The first film covers Episodes 1 – 8 of the show and clocks in at over two hours long whilst the second movie handles the last four episodes at 109 minutes. Despite the first film having the most to cram in, it’s surprisingly the better of the two by a small margin. The reason for this is due to the very weird decision in adding an anime opener, twice, and two end credits. Movies 1 and 2 have animation openings with the song ‘Luminous’ by ClariS, nearly the exact same animation is used to open both, which is strange as it’s slightly spoilerish, almost as if it expects you to have already seen the series before the film. Its inclusion in the second film is even more puzzling as it didn’t need it at all to open the movie, the scene could have flowed just as well without it. Then, for no logical explanation, just after we reach the part that concludes Episode 11 of the original show, it suddenly plays the opening animation to the TV series, complete with the ClariS’ song ‘Connect’. It completely messes with the pacing of the film so there was absolutely no need for it. Imagine if the ‘Cruel Angel Thesis’ and accompanying animated opening suddenly started playing in the middle of the End of Evangelion, it would be really weird and unnecessary right? It’s like that. Then right at the end of the film, we get not one but two credits; one with the animation style similar to the Witches’ labyrinths, with an orchestral version of ClariS’ ‘Connect’ playing, before cutting to a scene hinting towards the next film, then the true credits with the Kalafina track ‘Hikaru Furu’ plays, only to come BACK to a trailer for Rebellion; all adding to a clunky mess. It all adds up to nearly five minutes that could have been used to give more depth to Homaru’s plight and experiences, or add extra detail to the new world the girls are in now, before advertising the third film.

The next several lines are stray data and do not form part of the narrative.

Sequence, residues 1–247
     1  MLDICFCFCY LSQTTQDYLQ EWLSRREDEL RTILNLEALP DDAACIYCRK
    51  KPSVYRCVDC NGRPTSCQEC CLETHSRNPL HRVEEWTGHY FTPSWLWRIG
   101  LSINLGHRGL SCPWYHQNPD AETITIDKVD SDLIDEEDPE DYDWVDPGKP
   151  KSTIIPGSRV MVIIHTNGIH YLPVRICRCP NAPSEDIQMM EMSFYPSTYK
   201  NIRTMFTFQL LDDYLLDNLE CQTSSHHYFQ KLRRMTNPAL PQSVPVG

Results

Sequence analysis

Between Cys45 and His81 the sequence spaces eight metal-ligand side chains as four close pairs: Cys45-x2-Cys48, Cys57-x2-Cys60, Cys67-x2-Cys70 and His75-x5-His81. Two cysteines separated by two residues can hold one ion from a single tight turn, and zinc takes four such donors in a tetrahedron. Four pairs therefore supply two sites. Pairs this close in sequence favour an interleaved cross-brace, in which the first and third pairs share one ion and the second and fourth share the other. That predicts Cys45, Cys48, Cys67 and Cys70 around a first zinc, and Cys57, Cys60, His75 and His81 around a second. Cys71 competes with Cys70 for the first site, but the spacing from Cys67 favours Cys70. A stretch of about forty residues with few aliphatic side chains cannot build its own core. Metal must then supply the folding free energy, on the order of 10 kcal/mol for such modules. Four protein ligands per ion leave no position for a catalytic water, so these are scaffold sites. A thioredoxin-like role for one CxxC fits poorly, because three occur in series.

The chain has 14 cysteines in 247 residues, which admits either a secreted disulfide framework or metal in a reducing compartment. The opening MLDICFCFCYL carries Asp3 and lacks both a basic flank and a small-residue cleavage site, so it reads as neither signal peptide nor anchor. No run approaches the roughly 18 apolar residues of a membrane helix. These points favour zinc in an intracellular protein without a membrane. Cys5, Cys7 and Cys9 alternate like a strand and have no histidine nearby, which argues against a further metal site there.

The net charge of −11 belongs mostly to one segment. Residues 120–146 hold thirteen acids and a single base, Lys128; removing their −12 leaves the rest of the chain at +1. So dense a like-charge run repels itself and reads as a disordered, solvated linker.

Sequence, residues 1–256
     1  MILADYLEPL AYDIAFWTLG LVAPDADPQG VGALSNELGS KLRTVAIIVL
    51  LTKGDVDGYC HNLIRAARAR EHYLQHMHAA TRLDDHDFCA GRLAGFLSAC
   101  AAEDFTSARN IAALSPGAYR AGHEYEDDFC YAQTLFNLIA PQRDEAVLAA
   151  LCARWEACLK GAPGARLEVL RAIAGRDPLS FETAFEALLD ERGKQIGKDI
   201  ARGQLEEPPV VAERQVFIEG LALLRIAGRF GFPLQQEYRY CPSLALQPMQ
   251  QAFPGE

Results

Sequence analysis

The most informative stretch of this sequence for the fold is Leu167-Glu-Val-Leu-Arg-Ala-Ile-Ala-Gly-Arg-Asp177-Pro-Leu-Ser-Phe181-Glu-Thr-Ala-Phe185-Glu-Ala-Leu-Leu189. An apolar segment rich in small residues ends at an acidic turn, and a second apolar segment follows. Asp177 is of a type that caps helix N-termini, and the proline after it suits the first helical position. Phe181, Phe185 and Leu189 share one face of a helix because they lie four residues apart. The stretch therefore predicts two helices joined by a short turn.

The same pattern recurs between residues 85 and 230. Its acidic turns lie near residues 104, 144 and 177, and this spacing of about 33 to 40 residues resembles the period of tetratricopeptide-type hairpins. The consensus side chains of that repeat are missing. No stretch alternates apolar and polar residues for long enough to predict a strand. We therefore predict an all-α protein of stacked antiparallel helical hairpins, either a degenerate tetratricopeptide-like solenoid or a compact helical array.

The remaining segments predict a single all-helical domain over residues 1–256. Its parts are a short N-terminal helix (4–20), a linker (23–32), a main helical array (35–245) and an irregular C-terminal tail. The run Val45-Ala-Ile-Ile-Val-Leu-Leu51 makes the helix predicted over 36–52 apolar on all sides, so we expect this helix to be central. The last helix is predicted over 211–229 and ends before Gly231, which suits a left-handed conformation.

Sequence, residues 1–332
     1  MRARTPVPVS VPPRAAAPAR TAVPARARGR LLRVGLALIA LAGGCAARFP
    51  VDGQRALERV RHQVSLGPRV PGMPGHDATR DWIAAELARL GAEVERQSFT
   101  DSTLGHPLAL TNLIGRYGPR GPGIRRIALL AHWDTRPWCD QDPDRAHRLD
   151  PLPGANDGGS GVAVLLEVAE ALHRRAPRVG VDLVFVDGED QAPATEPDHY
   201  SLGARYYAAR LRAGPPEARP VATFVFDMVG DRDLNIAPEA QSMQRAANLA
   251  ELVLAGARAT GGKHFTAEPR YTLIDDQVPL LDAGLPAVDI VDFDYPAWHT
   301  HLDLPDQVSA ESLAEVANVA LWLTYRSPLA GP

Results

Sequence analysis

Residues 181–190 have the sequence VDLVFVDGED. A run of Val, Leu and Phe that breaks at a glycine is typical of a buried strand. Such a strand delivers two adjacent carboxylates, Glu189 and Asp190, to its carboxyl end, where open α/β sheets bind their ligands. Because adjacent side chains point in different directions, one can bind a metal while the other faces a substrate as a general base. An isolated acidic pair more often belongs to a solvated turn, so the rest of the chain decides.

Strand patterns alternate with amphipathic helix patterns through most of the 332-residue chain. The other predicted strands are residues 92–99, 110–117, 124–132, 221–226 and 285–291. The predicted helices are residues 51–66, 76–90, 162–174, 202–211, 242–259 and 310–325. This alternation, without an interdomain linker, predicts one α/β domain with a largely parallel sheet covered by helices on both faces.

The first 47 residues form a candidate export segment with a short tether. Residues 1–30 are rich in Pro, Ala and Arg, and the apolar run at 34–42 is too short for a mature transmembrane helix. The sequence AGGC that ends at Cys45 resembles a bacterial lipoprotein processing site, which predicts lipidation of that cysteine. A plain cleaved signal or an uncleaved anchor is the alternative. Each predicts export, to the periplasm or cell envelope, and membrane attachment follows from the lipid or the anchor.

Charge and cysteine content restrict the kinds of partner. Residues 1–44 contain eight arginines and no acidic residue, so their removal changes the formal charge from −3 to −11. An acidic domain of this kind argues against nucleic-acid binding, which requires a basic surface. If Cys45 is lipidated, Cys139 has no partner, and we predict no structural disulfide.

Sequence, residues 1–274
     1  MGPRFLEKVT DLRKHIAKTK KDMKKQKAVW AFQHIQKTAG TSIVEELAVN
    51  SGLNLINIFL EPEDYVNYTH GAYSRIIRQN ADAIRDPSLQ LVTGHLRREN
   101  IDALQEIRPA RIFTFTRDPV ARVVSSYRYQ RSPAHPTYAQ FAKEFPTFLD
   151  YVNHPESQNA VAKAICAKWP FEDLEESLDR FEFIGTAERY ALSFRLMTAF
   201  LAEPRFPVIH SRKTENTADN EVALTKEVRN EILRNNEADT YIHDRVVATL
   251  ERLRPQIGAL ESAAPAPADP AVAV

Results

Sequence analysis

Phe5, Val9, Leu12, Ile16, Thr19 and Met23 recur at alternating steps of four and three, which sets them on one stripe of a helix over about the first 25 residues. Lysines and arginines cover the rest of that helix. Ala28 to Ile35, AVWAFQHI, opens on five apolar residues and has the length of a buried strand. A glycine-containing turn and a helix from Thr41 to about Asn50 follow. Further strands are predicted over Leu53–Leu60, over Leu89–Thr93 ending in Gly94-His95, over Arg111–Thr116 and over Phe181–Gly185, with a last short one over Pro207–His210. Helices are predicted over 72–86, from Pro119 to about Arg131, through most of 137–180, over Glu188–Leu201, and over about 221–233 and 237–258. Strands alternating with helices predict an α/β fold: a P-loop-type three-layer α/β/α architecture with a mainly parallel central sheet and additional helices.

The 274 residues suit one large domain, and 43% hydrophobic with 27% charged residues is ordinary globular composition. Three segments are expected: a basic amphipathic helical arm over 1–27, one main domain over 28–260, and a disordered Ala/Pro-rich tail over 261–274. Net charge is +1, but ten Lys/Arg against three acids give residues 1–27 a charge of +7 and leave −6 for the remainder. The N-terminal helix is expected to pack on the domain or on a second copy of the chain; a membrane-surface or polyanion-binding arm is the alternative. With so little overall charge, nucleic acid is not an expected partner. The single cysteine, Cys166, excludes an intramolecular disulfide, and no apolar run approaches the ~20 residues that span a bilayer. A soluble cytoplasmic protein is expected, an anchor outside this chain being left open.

Visually the films don’t look too dissimilar to the TV series, at least if you’re not actively looking for it. The style is kept largely the same, but the production team take advantage of the additional budget to re-draw some backgrounds, fix a few animation goofs, add more flare to the girls’ transformations, and give the battles more fluid animation overall. The quality has improved but unless you have a very sharp eye, or fork out for the Blu-ray editions, you’ll only notice it in the second film, most likely.
The same goes for the audio; Yuki Kajiura’s music is still as stunning, captivating and layered as before, with a few notable new tracks mostly coming from her group Kalafina, who provide a heart-warming vocal version of Mami’s theme ‘Mirai’ and ‘Hikaru Furu’, a beautiful gospel-like version of ‘Sagitta luminis’ from the original soundtrack. It’s such a shame however that none of the songs within the film are given translation subtitles on either version.
Each movie comes with its own extras, including clean opening and closing, commercials for the respective films; the second film disc contains an additional promo for Rebellion.
Both Puella Magi Madoka Magica films manage to accomplish what most TV-to-film adaptations fail to: transform the material into a shorter time frame whilst keeping what made the original the fans loved about it. Despite a few hiccups in the second film, it’s overall a great watch that changes very little because it didn’t need to. The animation and music touch-ups are nice, and just about warrant a purchase for existing fans and collectors. However, if you’re new to the series, I highly recommend not taking this shortcut; Madoka Magica is best experienced as a show to get the full impact of what makes it such a great story.